When the property owner asked multiple times if she could get an official statement that reflects total market value with land value and “phase-in Final Market Value,” her request was denied. In response, the Assessor Supervisor, Almedia Frazer, yelled multiple times at a taxpayer “you get nothing” and “you already have everything” and then multiple times she instructed others to not give any statements or paperwork to the property owner as the property owner stood there with her toddler. As the supervisor was yelling, her staff employees jumped in with their own statements in hopes that the property owner would just go away. The property owner hasn’t gotten the total assessment statement.
As of 2015, the County’s net direct debt was $3,144,750,000 in the form of outstanding bonds. The bonds “are repaid to bondholders with a series of principal and interest payments over a period of years, known as debt service. In this manner, the initial high cost of capital improvements is absorbed over time and assigned to current and future citizens benefiting from the facilities.” Not only the debt is climbing, but officials use highly overvalued assets $167,311,891,416 to leverage the debt of $3,144,750,000. The bond market is in one big bubble.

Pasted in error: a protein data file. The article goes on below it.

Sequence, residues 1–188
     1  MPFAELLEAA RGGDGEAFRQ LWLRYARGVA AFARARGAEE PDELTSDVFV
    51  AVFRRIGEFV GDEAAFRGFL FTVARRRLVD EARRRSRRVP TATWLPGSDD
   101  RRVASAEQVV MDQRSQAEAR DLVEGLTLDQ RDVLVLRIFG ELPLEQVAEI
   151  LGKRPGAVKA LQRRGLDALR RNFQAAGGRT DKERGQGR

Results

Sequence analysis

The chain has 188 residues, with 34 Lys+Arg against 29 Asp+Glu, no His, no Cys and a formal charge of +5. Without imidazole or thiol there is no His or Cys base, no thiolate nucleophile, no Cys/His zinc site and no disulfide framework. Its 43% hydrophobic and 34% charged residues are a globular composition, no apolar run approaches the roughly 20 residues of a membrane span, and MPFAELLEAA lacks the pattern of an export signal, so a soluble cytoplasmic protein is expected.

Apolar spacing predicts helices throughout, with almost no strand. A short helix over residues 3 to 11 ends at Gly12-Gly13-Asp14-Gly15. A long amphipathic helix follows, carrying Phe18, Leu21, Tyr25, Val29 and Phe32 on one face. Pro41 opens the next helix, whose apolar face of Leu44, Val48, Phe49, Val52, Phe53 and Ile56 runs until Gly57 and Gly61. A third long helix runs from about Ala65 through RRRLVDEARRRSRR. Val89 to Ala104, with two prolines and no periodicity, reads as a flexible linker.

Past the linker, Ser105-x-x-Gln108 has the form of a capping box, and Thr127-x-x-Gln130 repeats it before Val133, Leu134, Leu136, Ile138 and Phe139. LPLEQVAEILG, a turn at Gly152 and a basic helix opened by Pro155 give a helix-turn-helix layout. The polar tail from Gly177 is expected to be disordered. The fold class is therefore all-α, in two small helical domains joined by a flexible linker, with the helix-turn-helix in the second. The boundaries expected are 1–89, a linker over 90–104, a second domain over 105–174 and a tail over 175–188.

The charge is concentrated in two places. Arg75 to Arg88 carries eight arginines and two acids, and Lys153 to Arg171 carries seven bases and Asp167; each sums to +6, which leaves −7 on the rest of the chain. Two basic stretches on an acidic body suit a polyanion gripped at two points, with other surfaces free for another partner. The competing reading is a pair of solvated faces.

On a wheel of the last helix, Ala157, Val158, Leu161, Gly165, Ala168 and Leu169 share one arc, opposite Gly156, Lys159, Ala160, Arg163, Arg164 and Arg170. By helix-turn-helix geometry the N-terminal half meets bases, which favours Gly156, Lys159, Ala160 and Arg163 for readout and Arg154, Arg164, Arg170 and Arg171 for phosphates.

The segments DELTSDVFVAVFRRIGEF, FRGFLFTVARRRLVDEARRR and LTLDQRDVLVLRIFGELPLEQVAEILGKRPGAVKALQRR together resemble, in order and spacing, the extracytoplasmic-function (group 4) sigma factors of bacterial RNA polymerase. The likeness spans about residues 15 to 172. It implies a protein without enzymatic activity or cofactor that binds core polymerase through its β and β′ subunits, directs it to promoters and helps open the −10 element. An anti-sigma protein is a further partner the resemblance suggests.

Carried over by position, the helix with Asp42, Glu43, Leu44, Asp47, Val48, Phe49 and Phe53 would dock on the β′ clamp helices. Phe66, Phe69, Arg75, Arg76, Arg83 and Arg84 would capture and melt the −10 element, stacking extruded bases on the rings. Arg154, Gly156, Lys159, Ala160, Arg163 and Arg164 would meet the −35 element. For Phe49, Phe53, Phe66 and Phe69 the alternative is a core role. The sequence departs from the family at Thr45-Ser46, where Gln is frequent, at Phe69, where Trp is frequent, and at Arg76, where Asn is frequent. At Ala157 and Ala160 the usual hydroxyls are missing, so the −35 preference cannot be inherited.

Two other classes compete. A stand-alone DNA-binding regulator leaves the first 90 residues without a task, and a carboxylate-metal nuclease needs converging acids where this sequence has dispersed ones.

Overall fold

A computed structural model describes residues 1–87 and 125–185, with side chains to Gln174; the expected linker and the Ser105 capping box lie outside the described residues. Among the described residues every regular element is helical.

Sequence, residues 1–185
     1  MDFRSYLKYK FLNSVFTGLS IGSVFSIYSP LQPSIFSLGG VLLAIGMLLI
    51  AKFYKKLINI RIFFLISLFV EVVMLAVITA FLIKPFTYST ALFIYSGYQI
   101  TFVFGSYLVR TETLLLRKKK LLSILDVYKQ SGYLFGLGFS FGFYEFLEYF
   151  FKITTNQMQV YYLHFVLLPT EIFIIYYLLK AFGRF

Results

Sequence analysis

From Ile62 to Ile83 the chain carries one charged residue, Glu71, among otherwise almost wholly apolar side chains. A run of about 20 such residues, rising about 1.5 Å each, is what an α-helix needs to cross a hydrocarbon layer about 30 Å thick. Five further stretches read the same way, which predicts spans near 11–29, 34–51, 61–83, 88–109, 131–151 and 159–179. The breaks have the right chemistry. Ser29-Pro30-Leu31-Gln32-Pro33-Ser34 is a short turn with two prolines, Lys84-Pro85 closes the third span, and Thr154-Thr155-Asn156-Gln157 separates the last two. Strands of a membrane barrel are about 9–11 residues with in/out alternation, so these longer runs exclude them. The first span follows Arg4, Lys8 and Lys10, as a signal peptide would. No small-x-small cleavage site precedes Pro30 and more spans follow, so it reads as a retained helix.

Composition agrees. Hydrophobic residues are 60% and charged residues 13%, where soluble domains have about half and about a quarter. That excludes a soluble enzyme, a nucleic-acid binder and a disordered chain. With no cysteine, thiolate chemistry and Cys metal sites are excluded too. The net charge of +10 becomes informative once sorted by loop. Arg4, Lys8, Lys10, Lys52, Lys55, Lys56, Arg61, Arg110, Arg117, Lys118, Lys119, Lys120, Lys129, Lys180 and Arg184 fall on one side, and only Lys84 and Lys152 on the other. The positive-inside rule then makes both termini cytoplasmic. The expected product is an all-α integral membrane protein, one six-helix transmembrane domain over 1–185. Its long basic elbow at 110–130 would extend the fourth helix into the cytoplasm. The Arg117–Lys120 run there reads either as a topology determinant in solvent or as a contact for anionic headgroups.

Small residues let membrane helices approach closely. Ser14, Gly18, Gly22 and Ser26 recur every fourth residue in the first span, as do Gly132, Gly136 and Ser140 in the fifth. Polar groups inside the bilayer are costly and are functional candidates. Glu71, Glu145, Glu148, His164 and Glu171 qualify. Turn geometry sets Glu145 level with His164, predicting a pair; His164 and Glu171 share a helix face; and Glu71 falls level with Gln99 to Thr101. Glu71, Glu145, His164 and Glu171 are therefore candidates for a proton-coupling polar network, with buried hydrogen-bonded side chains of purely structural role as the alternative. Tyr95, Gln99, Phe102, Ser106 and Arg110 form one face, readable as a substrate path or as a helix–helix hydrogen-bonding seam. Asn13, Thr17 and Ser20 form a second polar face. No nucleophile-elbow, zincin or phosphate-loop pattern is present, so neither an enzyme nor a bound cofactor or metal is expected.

Property owners should worry about the deterioration of the rule of law, accountability and transparency. It seems foolish to invest in your home and property when the quality of life and education in the county are deteriorating and the culture and integrity are disintegrating at a very fast pace. There is no point in improving your homes just to be taxed over and over again.
Editors Note: the author is a party to the issues in question